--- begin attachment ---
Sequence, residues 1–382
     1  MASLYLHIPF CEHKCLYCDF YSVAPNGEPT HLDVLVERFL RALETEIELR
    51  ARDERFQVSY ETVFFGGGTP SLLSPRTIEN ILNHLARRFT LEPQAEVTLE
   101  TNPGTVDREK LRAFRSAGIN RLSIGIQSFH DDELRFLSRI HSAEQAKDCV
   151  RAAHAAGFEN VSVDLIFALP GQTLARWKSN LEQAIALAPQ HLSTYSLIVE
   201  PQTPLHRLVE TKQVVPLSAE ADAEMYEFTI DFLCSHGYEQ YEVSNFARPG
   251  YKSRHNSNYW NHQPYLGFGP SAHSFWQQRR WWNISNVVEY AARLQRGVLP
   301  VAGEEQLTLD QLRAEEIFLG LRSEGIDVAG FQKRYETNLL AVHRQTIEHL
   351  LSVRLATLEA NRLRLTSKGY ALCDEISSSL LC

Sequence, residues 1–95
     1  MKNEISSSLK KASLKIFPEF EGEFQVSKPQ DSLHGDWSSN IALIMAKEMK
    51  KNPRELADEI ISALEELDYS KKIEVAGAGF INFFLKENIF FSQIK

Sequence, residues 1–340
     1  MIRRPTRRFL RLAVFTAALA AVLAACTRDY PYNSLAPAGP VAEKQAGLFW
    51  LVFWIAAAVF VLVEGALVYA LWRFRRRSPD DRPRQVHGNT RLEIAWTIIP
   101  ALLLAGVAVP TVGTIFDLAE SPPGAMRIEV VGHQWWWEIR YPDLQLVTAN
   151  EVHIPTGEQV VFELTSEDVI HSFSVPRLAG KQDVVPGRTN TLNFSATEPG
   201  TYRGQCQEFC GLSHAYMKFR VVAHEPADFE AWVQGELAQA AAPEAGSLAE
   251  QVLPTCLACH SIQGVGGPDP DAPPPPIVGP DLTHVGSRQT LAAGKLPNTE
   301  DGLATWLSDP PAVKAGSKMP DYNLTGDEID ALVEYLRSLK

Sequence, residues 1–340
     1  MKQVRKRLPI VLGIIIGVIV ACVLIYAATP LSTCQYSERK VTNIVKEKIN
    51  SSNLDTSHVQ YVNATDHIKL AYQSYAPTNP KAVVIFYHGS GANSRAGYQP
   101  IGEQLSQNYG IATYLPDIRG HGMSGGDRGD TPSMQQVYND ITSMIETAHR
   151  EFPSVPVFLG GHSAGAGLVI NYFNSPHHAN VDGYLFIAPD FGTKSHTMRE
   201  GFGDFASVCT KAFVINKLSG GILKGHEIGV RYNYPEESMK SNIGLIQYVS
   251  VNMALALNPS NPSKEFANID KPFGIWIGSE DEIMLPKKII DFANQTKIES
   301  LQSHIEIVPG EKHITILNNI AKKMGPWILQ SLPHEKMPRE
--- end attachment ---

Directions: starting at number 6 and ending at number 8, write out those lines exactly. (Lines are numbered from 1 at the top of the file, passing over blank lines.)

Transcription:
   201  PQTPLHRLVE TKQVVPLSAE ADAEMYEFTI DFLCSHGYEQ YEVSNFARPG
   251  YKSRHNSNYW NHQPYLGFGP SAHSFWQQRR WWNISNVVEY AARLQRGVLP
   301  VAGEEQLTLD QLRAEEIFLG LRSEGIDVAG FQKRYETNLL AVHRQTIEHL